It is Okay to Not be Okay: How Psychiatric Nurses Contribute to Healing and Hope

APNA News: The Psychiatric Nursing Voice  |  July 2020 Members' Corner Edition

Amanda McGillAPNA member Amanda McGill, MSN, BSN, RN shares her perspective on the crucial role of psychiatric-mental health nurses during high-stress community events: 

During these trying times, we see so many people suffering from stress, anxiety, and anguish, it is difficult to know how we can help. As psychiatric-mental health nurses, we are uniquely positioned to support our communities and those across the nation while we are engaged in our everyday personal and business interactions.

We know that evidenced-based care is the therapeutic relationship. It is the number one predictor of treatment recovery in our field, and it is sometimes shocking how quickly we can establish a therapeutic relationship in our work.  The tenets of that relationship are trust and rapport, and now more than ever, we can lean on what we know to support people in our everyday lives.

Being a therapeutic person for someone seems like it would require complex and carefully executed interactions; however, simply taking a moment to acknowledge and show interest in someone is often a great start.

An example: I did not know my stepson’s roommate well, but when I ran into him, he seemed less dynamic than I remembered. He looked flat or tired. I could have left it alone, but I asked him if he was doing okay because I noticed he seemed a little different. He took a moment and stared off toward the sky, then looked back at me and said, "My girlfriend broke up with me, and with the social isolation and curfews, I don't know what to do with myself, and I am so lonely."

"Although engaging in healthy coping skills is a part of mental health, as psychiatric-mental health nurses, we know we need to be heard first. "

As humans, we all have an inherent need to belong and be a part of a group and community and it hurts to be excluded. Isolation can initiate or exacerbate feelings of anxiety and depression. An assault on our community and members of our community can cause feelings of fear, despair, and anger. We can remind others that it is okay to feel anxious, depressed, angry, or whatever emotion they are experiencing, and that it is also okay to be affected in such a way that it alters routines and usual patterns of behavior.

There is so much advice being given in media about how to cope, it can feel overwhelming. It can even make you feel like something more is wrong with you if you fail to proactively engage in healthy strategies with at least some success. I keep hearing, "What are you doing to uplift your spirits during these times?” We do not have to be in a state of “uplift ready” until we are ready. Although engaging in healthy coping skills is a part of mental health, as psychiatric-mental health nurses, we know we need to be heard first. We need our emotions validated, to know we are not alone, and there is someone out there who recognizes our feelings as valid and is in our camp. For many of us, it is hard to find that person when we are socially isolating.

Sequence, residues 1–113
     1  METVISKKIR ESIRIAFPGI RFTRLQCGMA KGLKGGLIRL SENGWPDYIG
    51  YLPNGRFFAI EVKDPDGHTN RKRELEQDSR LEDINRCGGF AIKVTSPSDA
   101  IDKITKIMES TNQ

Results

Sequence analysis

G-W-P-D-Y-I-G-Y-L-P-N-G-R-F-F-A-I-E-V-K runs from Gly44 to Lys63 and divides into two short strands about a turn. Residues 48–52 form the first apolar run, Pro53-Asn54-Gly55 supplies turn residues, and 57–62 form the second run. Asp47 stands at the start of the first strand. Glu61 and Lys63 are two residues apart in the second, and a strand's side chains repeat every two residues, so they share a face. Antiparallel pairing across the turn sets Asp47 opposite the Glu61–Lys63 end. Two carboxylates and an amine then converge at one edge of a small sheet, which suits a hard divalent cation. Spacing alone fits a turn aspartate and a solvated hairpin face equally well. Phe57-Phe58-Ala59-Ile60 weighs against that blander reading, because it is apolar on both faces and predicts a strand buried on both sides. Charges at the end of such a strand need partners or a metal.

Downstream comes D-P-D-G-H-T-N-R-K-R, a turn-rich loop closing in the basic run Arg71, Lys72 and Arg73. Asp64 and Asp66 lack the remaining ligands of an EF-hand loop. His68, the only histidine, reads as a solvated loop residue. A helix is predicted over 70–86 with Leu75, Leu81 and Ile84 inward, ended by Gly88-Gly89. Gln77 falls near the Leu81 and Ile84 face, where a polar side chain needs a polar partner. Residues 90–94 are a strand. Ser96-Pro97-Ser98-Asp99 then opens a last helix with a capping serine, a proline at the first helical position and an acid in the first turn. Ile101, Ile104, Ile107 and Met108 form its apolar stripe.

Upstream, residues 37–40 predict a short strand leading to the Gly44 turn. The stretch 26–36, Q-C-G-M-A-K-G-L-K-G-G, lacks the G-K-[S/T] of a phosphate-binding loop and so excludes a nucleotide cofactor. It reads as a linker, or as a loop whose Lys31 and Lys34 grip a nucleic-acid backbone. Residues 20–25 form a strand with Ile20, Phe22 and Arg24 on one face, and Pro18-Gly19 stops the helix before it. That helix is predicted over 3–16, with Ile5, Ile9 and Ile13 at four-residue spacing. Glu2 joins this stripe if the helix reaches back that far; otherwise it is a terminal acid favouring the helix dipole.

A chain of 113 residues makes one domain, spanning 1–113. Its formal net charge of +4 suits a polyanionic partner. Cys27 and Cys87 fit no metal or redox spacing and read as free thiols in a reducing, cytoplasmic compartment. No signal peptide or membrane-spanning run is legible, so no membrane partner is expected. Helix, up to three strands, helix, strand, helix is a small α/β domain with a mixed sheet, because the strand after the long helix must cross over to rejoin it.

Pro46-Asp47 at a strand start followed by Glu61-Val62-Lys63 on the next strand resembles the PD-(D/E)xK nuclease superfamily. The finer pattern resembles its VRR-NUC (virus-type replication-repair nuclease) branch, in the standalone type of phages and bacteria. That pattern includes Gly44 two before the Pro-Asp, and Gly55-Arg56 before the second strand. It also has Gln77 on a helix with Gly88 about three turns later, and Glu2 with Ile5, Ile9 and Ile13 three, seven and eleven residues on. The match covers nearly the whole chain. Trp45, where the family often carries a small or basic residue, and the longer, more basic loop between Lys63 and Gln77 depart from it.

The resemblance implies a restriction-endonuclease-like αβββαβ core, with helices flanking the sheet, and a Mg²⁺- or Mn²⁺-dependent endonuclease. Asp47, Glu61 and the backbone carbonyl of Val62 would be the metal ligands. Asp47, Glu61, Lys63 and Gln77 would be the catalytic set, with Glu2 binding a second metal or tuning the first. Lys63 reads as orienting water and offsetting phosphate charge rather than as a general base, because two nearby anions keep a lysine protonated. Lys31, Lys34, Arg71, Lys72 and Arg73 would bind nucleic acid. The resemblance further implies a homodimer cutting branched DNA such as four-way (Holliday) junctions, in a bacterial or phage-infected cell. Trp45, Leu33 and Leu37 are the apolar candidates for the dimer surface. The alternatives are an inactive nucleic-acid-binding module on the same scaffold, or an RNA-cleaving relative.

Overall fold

An example: I have a monthly phone conference with a woman who supports my website, and I asked her how she was doing with the pandemic and the stay at home orders. She told me how anxious she was and how it had impacted her life. I listened and let her know that I could see why she was so anxious and how she was describing it sounded like a tough situation. She was relieved and grateful to have someone willing to listen to her feelings.

Acknowledging someone, listening, and validating emotions are powerful therapeutic techniques that help people regain control over even intense feelings and are interventions that take just moments to implement. The solution is not always about finding the solution, fixing the problem, or giving advice. In our everyday lives, we have opportunities to practice these skills with those around us and share these skills with others who are close to someone suffering.

Most psychiatric-mental health nurses are sharing their unique skills every day during this unprecedented time but do not recognize it because their skills have become second-nature. We most often do not find out how our interactions positively impact other’s lives, but it is important to recognize and celebrate it in each other.    

About Amanda McGill

Amanda has over 20 years of experience working with individuals with severe mental illness in the acute inpatient setting. She is co-founder of Psychronized, a consulting and training group specializing in evidence-based violence and injury reduction strategies, and improved patient outcomes. Amanda has trained hundreds of hospital staff, law enforcement, and special agents in therapeutic communication and behavioral techniques to improve engagement and prevent violence.

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